The U.S. Department of Defense hosted a Tiltrotor Technology Presentation on the Pentagon's River Entrance parade ground to demonstrate the capabilities and versatility of tiltrotor Sept. 8. Secretary of Defense William Cohen spoke at the event, which began with the arrival of the test prototype XV-15 tiltrotor technology demonstrator, followed by the first production-model MV-22 Osprey.
"Every few decades of this century the world has witnessed the arrival of weapons platforms that have truly revolutionized national security," said Cohen. "The powerful and innovative aircraft that you see here today, the tiltrotors, will have just that effect in the coming century. They are going to revolutionize not only our force projection, they are going to transform the entire way that America conceives and sustains its policy of engagement in the decades ahead."
News reporters walked through the Osprey after it landed. The Chairman of the Joint Chiefs of Staff, Gen. Henry Shelton, and the Deputy Secretary of Defense, John Hamre, flew in the MV-22 for about 30 minutes. Several congressmen also received orientation flights. About 1,000 Pentagon employees walked through the V-22 while on display with the XV-15, a NASA-inspired, Bell Helicopter-produced experimental tiltrotor -- the precursor to the MV-22.
The Osprey will provide a multi-mission, multi-service versatility and capability applicable to a wide range of contingencies. It is capable of carrying 24 combat-equipped personnel or a 15,000-pound external load. It also has a strategic self-deployment capability with a 2,100 nautical mile range using a single aerial refueling. Its vertical/short takeoff and landing capability allows it to operate as a helicopter for takeoff, hover and landing. Once airborne, the engine nacelles rotate forward 90 degrees, converting the V-22 into a high-speed, high-altitude (25,000 feet), fuel-efficient turbo-prop aircraft.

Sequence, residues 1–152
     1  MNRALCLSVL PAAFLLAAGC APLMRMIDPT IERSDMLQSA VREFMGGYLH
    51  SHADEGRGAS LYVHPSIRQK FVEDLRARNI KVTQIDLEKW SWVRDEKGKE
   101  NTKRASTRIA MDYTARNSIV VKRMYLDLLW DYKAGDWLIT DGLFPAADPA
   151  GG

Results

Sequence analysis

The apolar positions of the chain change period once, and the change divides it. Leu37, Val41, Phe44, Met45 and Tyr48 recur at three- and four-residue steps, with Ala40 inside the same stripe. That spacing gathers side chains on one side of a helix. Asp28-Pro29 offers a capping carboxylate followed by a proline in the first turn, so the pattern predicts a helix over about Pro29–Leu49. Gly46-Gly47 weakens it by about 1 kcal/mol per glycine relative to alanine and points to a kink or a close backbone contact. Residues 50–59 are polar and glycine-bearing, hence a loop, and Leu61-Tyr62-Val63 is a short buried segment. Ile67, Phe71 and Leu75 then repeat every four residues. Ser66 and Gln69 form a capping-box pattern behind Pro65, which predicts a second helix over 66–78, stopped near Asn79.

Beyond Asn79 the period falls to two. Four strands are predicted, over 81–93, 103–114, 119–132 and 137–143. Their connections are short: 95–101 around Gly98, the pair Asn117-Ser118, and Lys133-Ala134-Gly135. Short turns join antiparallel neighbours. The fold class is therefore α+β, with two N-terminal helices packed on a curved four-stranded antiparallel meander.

"Every major study and major review of the future capabilities have pointed to the need for exactly this type of capability," explained Cohen. "The V-22 represents a design that combines efficiency with flexibility; it provides greater survivability so that our pilots and airmen can return home safely. The V-22 is going to cut our response times from weeks down to days and days down to hours. These aircraft can fly twice as fast, twice as high, and two to five times farther than the traditional helicopters -- everything from assault operations to disaster relief and humanitarian aid, and peacekeeping."
According to the Defense Secretary, this technology is the revolution in military affairs. "These aircraft, through development and now into production, have stayed on time and within budget," he said. "And as the members of Congress will tell you today, that is no small accomplishment."
Completion of V-22 sea trials was an exit criterion to obtain approval for low rate initial production, Lot 3. Based on the successful completion of the trials on the USS Saipan in August, the Navy has released full funding for Lot 3 and the long-lead funding for Lot 4. Seven MV-22s are scheduled to be built in Lot 3. Lot 4 has 10 MV-22s.
Three additional production aircraft will be delivered to the U.S. Navy this year. These four will eventually be used for operational evaluations that begin in October and complete in May 2000. Successful completion of those evaluations will lead to a full-rate production decision in the fall of 2000.
Current plans call for the U.S. Marine Corps to field 360 MV-22s by 2013; the U.S. Air Force to purchase 50 CV-22s (Air Force special operations variant); and the U.S. Navy to acquire 48 HV-22Bs for combat search and rescue, special warfare and logistics support.
The Bell Boeing Tiltrotor Team comprises Bell Helicopter Textron, Inc., of Fort Worth, Texas, a wholly owned subsidiary of Textron, Inc., and The Boeing Company in Philadelphia.